May 27, 2024

As avian influenza continues to spread among wild bird populations in the European Union (EU), scientists have described a wide range of factors that could drive the virus to spread efficiently among humans, thereby increasing its pandemic potential.

Although transmission of avian influenza A(H5N1) from infected birds to humans is rare, 

“new strains carrying potential mutations for mammalian adaptation” could occur, according to a report issued on Wednesday by the European Centre for Disease Prevention and Control and the European Food Safety Authority. The analysis identified a threat of strains currently circulating outside Europe that could enter the EU and the wider European Economic Area (EEA).

“If avian A(H5N1) influenza viruses acquire the ability to spread efficiently among humans, large-scale transmission could occur due to the lack of immune defenses against H5 viruses in humans,” the report warned.

Evolution of Avian Influenza Remains Hard to Predict

However, despite many occurrences of human exposure to avian influenza since 2020, “no symptomatic or productive infection in a human has been identified in the EU/EEA,” the scientists stated. Furthermore, after almost three decades of human exposure to the A(H5N1) virus of the Gs/GD lineage, the virus has not yet acquired the mutations required for airborne transmissibility between humans. However, it remains “difficult to predict the evolutionary direction the virus will take in the future,” the scientists assessed.

“Clearly, humans are being exposed in the current USA cattle outbreak,” Professor James Wood, infectious disease epidemiologist at the University of Cambridge, United Kingdom, told Medscape Medical News. “But, arguably, what is more significant is how few cases there have been with this virus lineage and its close relatives, despite massive global exposures over the last 3 years. All diagnosed human cases seem to have been singletons, with no evidence of human-to-human transmission.”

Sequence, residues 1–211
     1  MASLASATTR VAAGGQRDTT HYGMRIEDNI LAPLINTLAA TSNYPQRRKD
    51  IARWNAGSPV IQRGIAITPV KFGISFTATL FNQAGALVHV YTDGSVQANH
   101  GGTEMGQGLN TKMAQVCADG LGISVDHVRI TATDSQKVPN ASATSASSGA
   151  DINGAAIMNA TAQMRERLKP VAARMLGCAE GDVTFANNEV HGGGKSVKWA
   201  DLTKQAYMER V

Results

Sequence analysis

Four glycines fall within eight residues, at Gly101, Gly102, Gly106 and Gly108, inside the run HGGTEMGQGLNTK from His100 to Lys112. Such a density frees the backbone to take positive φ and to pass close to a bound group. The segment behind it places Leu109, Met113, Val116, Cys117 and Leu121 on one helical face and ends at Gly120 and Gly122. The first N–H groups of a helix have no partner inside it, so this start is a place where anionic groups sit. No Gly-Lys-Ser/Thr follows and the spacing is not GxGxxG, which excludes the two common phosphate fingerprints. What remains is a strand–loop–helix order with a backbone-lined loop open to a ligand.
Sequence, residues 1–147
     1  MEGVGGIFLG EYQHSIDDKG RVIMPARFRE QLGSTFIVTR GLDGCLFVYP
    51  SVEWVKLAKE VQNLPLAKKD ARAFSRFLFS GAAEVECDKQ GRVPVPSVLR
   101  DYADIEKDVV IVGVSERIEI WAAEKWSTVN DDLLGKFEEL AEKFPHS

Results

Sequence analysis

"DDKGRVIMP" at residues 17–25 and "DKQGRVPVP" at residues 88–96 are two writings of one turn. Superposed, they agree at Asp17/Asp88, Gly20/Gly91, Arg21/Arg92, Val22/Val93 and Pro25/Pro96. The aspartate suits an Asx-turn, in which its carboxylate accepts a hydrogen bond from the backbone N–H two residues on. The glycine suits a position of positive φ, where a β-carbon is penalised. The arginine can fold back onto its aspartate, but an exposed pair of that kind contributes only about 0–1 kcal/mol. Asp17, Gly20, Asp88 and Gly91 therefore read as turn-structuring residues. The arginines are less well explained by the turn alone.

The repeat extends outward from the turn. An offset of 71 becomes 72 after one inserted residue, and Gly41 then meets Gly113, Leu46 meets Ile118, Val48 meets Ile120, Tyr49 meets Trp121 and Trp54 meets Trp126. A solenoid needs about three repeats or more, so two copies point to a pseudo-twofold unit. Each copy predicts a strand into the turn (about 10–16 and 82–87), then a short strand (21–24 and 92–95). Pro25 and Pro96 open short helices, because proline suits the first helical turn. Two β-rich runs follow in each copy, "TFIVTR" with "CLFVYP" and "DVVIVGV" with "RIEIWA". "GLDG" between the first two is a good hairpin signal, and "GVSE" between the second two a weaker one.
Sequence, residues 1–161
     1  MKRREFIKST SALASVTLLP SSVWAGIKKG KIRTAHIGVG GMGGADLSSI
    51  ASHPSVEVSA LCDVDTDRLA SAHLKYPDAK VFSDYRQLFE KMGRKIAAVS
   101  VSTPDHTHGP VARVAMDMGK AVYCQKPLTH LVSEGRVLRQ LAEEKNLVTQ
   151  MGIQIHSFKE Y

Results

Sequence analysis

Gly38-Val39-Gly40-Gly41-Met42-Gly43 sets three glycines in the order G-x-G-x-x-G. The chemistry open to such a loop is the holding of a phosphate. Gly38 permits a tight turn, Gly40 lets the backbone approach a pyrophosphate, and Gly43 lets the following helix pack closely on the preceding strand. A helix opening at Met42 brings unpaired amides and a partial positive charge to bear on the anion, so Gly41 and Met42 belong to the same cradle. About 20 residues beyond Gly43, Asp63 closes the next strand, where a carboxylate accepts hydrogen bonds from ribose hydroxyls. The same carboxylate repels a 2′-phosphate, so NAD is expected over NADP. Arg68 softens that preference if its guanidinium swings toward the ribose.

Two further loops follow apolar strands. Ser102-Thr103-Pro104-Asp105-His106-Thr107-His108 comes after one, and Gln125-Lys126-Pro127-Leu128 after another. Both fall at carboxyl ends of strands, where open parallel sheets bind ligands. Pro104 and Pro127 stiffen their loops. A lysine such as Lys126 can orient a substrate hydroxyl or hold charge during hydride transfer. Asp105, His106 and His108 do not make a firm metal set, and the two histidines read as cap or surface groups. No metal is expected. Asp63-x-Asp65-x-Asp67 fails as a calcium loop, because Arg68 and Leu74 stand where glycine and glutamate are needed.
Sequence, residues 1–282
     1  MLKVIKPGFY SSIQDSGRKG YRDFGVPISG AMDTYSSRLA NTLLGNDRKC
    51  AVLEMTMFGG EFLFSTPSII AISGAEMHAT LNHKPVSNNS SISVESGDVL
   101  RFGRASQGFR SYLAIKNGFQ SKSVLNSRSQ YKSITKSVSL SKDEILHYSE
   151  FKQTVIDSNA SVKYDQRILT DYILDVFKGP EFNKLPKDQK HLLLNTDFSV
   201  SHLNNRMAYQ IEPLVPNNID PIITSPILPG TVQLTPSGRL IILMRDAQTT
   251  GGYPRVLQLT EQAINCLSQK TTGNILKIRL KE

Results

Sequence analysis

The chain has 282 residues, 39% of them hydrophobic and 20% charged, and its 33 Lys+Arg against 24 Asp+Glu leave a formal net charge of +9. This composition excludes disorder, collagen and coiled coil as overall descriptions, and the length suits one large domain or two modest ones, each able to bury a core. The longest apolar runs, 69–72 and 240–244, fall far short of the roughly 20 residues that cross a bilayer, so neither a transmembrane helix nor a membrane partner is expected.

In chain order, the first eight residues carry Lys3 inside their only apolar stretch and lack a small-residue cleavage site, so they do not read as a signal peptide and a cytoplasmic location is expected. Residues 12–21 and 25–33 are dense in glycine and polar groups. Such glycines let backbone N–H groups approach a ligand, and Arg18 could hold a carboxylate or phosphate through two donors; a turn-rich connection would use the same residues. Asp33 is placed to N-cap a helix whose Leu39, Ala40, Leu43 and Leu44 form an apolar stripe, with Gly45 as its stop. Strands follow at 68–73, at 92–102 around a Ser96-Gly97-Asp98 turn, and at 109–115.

Ian Jones, professor of virology at the University of Reading, United Kingdom, sees no evidence of an imminent spillover of avian influenza from birds. But he told Medscape Medical News: “The trouble is, the clock resets every minute. Every time the virus has come out of a bird and gone somewhere, the clock is reset. So you can never say that just because it hasn’t happened since whenever, it’s never going to happen.” 

Preventive Measures Recommended

The European report recommended a range of cautionary measures that included enhanced surveillance, access to rapid diagnostics, and sharing of genetic sequence data. It urged EU authorities to work together, adopting a One Health perspective, to limit the exposure of mammals, including humans, to avian influenza viruses. 

Dr Sarah Pitt, a microbiologist at the University of Brighton, United Kingdom, said the emphasis on authorities taking a One Health approach was sound. “You’re looking at humans, animals, plants, and the environment and how they’re all closely interacted,” she told Medscape Medical News. “Putting all those things together is actually going to be good for human health. So they’ve mentioned One Health a lot and I’m sure that’s on purpose because it’s the latest buzzword, and presumably it’s a way of getting governments to take it seriously.” 

Overall, Pitt believes the document is designed to move zoonotic infectious diseases a bit higher up the agenda. “They should have been higher up the agenda before COVID,” she said.

The report also called for consideration of preventative measures, such as vaccination of poultry flocks. 

Overall, Jones assesses the European report as “a reworking of what’s been pretty well covered over the years.” Despite extensive work by scientists in the field, he said: “I’m not sure we’re any better at predicting an emerging virus than we’ve ever been. I would point out that we didn’t spot SARS-CoV-2 coming, even though we had SARS-CoV-1 a few years earlier. Nobody spotted the 2009 pandemic from influenza, even though there was a lot of surveillance around at the time.”


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